I was going to write something long and windy on the allegations and burden of proof of chemical weapons use – from both sides of the morass – in Syria.
But I can’t not say anything on this monstrosity, detailing plans to put up a super highway across east Beirut, which will destroy some of the Lebanese capital’s few remaining (and totally lovely) old buildings.
Here’s what the area where the highway will go – through Ashrafieh, Mar Mikhael and Getawi (note the nice old red topped buildings) that will be torn down):
Now, as heartbreaking as this might be, local authorities tearing down buildings (especially old, valuable ones) is nothing new in Beirut or indeed the rest of Lebanon, hence the formation of vital lobby groups such as Save Beirut Heritage.
But the logic of this project is extremely daft. It will ruin one of Beirut’s few remaining old (some would use the horrid word authentic) neighbourhoods in favour of another avenue for traffic jams. It will further encourage car use in a city already choking from fumes and journey delays. It will further reduce the already artificially circumscribed areas that attract tourists which, for a country as heavily dependent on tourist dollars as Lebanon, can be ill afforded. And, as much as anything else, the plans cut through neighbourhoods where a lot of the press lives. So at least we can hopefully cause a stink.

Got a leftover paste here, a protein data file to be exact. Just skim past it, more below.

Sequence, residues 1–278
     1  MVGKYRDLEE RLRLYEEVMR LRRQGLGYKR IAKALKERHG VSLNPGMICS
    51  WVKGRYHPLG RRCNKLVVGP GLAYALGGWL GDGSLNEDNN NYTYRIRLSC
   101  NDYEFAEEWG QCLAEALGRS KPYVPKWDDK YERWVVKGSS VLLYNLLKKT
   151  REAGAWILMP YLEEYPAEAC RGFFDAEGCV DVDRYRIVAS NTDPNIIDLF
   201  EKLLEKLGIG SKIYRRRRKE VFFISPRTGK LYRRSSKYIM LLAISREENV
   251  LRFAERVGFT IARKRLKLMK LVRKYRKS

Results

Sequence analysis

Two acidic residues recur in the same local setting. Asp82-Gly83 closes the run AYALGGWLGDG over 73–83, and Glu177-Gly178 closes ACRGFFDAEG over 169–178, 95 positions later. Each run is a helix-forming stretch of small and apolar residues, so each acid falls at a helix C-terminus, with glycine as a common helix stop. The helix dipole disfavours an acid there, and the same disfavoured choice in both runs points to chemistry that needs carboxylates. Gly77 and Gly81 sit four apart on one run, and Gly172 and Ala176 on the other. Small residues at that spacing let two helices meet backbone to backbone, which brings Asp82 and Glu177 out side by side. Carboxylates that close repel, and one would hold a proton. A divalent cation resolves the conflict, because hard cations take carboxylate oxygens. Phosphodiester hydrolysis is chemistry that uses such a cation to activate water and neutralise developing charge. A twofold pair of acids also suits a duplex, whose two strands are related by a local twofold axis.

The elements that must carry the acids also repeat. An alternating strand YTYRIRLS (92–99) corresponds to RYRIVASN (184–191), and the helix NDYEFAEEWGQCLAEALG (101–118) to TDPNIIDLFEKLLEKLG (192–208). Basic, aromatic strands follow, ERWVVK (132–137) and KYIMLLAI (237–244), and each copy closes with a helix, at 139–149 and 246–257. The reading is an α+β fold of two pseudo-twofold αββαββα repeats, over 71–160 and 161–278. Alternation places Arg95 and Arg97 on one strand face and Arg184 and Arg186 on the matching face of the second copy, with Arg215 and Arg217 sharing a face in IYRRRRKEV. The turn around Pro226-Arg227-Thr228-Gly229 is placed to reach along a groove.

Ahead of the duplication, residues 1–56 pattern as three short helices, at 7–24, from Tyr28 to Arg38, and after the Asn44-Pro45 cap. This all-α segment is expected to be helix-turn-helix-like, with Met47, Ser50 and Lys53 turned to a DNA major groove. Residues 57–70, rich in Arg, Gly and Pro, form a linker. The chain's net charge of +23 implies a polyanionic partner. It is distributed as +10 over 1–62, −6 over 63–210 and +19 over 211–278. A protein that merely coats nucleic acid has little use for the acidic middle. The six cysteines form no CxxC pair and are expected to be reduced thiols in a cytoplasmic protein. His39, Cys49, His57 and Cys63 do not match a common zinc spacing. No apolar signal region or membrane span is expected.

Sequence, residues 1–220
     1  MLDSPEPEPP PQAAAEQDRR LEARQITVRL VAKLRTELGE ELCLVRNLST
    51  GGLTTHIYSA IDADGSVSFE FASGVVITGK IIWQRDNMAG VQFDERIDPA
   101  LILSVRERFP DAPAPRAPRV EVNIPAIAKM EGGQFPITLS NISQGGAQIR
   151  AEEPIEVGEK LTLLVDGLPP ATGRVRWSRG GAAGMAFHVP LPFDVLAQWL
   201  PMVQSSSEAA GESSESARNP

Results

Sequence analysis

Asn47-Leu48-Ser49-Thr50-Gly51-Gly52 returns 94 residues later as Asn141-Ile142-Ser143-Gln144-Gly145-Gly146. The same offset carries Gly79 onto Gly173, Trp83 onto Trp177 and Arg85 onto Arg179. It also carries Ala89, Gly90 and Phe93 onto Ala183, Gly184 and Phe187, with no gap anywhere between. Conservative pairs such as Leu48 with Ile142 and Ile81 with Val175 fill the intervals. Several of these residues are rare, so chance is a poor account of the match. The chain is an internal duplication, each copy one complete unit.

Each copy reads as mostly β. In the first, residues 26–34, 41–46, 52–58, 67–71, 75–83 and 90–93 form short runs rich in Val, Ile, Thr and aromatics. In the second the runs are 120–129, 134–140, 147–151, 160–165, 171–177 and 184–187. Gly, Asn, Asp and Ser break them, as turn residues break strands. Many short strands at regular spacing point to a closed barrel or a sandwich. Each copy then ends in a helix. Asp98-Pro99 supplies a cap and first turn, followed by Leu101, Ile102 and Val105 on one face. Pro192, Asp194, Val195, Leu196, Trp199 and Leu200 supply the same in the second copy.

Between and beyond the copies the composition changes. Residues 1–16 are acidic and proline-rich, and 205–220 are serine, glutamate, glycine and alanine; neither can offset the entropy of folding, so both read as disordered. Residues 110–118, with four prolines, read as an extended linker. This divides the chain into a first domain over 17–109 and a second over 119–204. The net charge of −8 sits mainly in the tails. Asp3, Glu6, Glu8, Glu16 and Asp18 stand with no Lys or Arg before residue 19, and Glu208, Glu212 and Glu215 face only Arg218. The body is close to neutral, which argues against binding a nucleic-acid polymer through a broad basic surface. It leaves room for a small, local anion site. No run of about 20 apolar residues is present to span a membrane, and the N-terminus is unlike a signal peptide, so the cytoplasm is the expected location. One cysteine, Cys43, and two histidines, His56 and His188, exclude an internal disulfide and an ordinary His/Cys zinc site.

There is cause for optimism and negativity. Optimism, because there is no government, nor is there likely to be one, nor are governments or local council groups ever particularly proactive and effective when they do exist. Similarly, while private industrial or commercial property projects mushroom across the town, Beirut is hardly a proactive place when it comes to investment and delivery of infrastructure, which I guess this awful project purports to be. For example, the bridges around Emile Lahoud and Jisr l Wati were only meant to last a few years. They are temporary structures that successive governments just never got around to making permanent (or safe).
Negativity, because recent history has shown us that civic interest lies at the very bottom of governmental or municipal priority. The irony in all this is that this road/bridge structure couldn’t even be argued to be necessary were it not for the intervention in the Rafik Hariri years of one Mr Ghazal, who put a stop to a big highway linking Sagesse to the sea road because his impressively tall tower stood right on its route.
He must have “lobbied” hard enough and got his wish, landing the regenerating captial with its retrospectively charming “Bridge to Nowhere”. So the biggest bars to this project remain regrettably out of public control; it’s more likely to not be built due to incompetence/nepotism than it is due to civil society. Not that that means we shouldn’t raise hell about this.